I came across this idea while reading New Slow City by William Powers (I’ll give you a full review as soon as I finish it). It’s a good read. Essentially he’s attempting to live a slow life in the world’s fastest city. Ambitious.
Back to materialism. Turns out this isn’t a new idea. If you Google “We are not materialistic enough” it auto-completes, and the first result is a fifteen year old post by George Monbiot. However, in the last decade and a half, we’ve only become less and less materialistic and more and more consumeristic, so here’s my attempt to add to the discussion. The idea is that we don’t care about our stuff. We have so much of it that we store it in our basement or garages, or we rent storage units where we pay monthly, and when something breaks we replace it rather than repair it. The Minimalists touch on this in a post titled The Minimalism Paradox. The fewer things we own, the more valuable each item, thus we become more materialistic.
In contrast, our economy is based on consumerism. We buy, buy, buy. We consume our resources, discarding the old for the new, paying little attention to where our materials come from or how it affects the world around us, or even our own personal lives. Remember consumption is synonymous with destruction.
It’s no one’s fault on an individual level. I buy boots at REI. When those boots fall apart prematurely, REI replaces them, free of charge. They don’t mend them. For them it makes better financial sense to give me a new pair of boots. The heyday of the cobbler is long gone. Ok, I don’t know what REI does with the boots when I return them. Maybe they mend them and sell them or donate them. I think they often send them back to the manufacturer, and hopefully they’re able to reuse some of the parts. But let’s also look at Walmart. They sell cheap shoes. They are designed to wear out and be replaced. Walmart doesn’t make money if we repair our shoes; they make money when we go back to buy a new pair three months later. Likewise, we lose money when we buy shoes over and over again. And because those shoes are so inexpensive, we place little value on them.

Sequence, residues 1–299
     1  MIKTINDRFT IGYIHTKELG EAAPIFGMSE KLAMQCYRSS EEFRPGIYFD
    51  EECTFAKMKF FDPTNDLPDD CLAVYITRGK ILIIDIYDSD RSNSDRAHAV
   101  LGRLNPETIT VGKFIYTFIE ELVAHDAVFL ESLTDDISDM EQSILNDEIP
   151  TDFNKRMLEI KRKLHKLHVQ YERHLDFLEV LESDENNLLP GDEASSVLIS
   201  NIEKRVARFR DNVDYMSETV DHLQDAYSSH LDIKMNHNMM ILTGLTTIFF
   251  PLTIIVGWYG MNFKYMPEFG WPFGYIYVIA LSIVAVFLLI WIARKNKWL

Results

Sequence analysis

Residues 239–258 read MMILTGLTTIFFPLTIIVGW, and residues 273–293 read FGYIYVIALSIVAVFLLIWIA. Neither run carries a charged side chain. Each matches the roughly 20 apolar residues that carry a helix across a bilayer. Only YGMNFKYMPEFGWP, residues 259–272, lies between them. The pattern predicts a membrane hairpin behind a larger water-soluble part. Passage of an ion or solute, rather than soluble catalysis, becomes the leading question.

But wait! There is something we can do. We can make sure the things we’re buying are meant to last, and are worth repairing if they do break down. To be fair, REI does stand behind the quality of their products, which is why they offer such a great return policy, so that could be one place to search for these things that are meant to last. If you’re thinking, “But I’m only one person. How can I make a difference in changing our economy from consumerism based to materialism based?” then don’t think about it that way. Be more selfish. I’m sure you’ll find, as we have, that making this change in your own lifestyle will make you enjoy your own life that much more. I do believe it will also have a profoundly positive impact on the greater community if more and more of us start thinking this way, but you won’t be suffering while waiting to see those positive results. You’ll feel the positive results right away in your own life. Instant gratification followed by a greater positive impact overall. It’s the best of both worlds.